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Morocco - Social protection and labor : diagnostic (Inglês)

Main macroeconomic indicators in Morocco (notably economic growth, inflation) are expected to remain appropriate in the short-medium term. Despite negative impacts in the economy due to developments in the Eurozone, in particular sovereign debt crises in Spain and Italy, among other countries, economic growth in Morocco has been positive averaging 4.3 percent per year between years 2010 and 2013. Morocco has displayed important progress in the Bank’s twin objectives of reducing poverty and promoting shared prosperity. Inequality and vulnerability remain important challenges. Despite some notable progress on key human development indicators, Morocco still lags behind in health and education achievements. One of the key challenges for Morocco is that economic growth has not achieved enough employment growth to the needs of a saturated labor market. To achieve faster economic growth, Morocco will need a structural transformation of its economy, with a focus on broadening economic opportunities. Low employment rates in Morocco are largely explained by very low rates of participation of women in the labor force. Most employment creation in Morocco happens in the services and construction sectors, while the agriculture and manufacturing sectors (as these sectors become more productive and substitute labor by capital) actually suffer from net job destruction of approximately 35 thousand jobs per year.


  • Autor

    Angel-Urdinola,Diego, El Kadiri El Yamani,Fatima, Pallares-Miralles,Montserrat

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    Documento de Trabalho

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  • Região

    Oriente Médio e Norte da África,

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  • Nome do documento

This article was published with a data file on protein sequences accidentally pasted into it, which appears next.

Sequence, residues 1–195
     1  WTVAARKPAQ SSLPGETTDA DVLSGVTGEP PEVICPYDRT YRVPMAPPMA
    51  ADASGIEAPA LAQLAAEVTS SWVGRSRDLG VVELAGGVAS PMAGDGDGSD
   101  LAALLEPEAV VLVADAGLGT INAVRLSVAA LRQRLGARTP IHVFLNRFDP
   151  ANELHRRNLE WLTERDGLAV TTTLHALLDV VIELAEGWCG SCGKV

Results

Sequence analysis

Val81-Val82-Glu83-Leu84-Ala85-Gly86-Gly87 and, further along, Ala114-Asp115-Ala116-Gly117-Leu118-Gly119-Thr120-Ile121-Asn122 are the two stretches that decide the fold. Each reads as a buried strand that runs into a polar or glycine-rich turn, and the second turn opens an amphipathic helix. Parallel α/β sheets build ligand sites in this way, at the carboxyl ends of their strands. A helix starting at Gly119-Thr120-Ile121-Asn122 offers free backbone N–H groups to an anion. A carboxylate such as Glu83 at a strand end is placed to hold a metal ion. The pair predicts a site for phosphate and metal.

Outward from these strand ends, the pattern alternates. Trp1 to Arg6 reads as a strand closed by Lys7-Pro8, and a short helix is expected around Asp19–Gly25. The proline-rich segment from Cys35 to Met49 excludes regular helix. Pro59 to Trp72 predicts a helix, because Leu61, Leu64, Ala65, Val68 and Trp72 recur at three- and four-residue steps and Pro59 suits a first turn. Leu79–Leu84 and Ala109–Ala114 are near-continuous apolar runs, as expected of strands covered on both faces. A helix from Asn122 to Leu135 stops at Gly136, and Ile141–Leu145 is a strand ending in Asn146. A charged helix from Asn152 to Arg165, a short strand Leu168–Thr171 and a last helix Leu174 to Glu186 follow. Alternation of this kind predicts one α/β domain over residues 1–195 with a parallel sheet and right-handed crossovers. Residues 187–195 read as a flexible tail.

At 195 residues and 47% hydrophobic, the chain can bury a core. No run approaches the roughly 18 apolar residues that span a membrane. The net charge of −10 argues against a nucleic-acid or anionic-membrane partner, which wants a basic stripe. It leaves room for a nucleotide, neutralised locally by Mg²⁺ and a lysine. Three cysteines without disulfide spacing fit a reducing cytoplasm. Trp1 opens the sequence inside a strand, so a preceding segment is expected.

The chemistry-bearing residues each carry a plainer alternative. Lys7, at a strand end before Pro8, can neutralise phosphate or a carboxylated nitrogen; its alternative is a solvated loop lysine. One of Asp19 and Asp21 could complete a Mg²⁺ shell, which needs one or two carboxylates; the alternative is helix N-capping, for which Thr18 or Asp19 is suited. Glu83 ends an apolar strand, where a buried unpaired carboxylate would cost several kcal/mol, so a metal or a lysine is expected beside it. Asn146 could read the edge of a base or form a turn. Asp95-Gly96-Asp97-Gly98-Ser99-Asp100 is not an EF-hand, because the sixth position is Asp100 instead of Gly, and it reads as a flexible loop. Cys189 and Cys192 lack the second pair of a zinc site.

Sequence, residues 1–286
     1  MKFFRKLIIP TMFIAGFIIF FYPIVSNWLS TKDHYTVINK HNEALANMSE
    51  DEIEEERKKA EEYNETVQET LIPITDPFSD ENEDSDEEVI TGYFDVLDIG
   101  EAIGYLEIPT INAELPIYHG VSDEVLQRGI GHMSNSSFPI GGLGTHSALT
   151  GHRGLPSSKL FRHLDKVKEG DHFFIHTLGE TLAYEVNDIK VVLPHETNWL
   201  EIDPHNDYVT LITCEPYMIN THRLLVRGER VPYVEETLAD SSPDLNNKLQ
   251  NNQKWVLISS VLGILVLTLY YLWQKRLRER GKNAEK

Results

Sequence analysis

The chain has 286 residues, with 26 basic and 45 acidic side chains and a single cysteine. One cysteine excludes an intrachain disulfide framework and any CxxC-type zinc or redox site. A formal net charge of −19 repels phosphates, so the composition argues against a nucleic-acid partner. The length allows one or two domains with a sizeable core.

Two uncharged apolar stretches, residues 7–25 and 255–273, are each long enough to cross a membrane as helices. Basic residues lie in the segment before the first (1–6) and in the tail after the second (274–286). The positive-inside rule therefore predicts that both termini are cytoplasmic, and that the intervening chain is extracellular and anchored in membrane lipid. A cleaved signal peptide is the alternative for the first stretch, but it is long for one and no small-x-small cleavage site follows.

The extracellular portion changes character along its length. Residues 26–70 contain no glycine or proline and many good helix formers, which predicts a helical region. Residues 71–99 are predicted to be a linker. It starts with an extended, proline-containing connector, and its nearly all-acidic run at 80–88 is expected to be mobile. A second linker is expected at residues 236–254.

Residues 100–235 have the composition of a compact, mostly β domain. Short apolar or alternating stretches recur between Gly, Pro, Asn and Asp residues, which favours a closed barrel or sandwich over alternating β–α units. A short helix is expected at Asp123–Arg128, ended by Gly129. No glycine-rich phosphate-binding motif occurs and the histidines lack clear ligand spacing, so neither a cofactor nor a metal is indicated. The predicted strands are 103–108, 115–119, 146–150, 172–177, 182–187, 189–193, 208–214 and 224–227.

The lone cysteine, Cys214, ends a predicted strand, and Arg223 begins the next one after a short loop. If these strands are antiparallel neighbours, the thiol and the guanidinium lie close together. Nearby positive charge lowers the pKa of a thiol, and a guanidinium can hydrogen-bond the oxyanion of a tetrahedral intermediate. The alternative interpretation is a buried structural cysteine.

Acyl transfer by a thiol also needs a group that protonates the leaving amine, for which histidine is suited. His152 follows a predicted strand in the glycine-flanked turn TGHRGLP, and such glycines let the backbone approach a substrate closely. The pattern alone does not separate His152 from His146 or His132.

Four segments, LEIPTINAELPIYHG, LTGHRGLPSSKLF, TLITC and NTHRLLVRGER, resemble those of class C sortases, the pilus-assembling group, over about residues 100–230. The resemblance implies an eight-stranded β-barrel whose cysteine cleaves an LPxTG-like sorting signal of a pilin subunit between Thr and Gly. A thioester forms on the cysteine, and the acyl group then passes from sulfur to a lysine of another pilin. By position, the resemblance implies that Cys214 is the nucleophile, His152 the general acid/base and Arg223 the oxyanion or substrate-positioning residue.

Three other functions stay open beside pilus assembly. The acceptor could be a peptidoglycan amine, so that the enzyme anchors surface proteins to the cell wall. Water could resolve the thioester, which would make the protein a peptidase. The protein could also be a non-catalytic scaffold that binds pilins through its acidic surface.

Morocco - Social protection and labor : diagnostic

  • Palavras-chave

    youth;small and medium enterprise;pension system;private sector development and competitiveness;Infant and Maternal Mortality Rates;pension scheme;Labor Market;rural area;number of beneficiaries;rate of price inflation;leading cause of death;indicator of life expectancy;participation in decision making;improving access to finance;education and training system;secondary school leaving certificate;French Agency for Development;labor market intermediation;loss of employment;social insurance system;average pension;unemployment rate;dependency ratio;public sector worker;social security coverage;public works program;labor force participation;replacement rate;minimum wage;loss of income;private sector worker;craft and agriculture;organic budget law;social protection sector;response to shock;vocational training policy;unemployed job seeker;private training provision;human resource management;poor urban area;private sector representative;wage subsidy program;upper secondary education;medium-term macroeconomic framework;fixed exchange rate;sovereign debt crisis;consumer price inflation;participation of woman;high youth unemployment;primary school certificate;exchange rate policy;Social Safety Nets;social assistance program;fast economic growth;Exchange rate policies;access to land;access to financing;human development indicator;number of jobs;social protection system;lack of transparency;social security system;registered job seekers;barriers in access;age of retirement;adequate social security;working age population;creating employment opportunity;total factor productivity;Improving Labor Markets;labor market outcome;falling birth rate;Governance and Accountability;youth friendly services;job search process;level of employment;lack of skill;high minimum wages;social insurance coverage;quality of job;social security arrangements;health insurance benefits;



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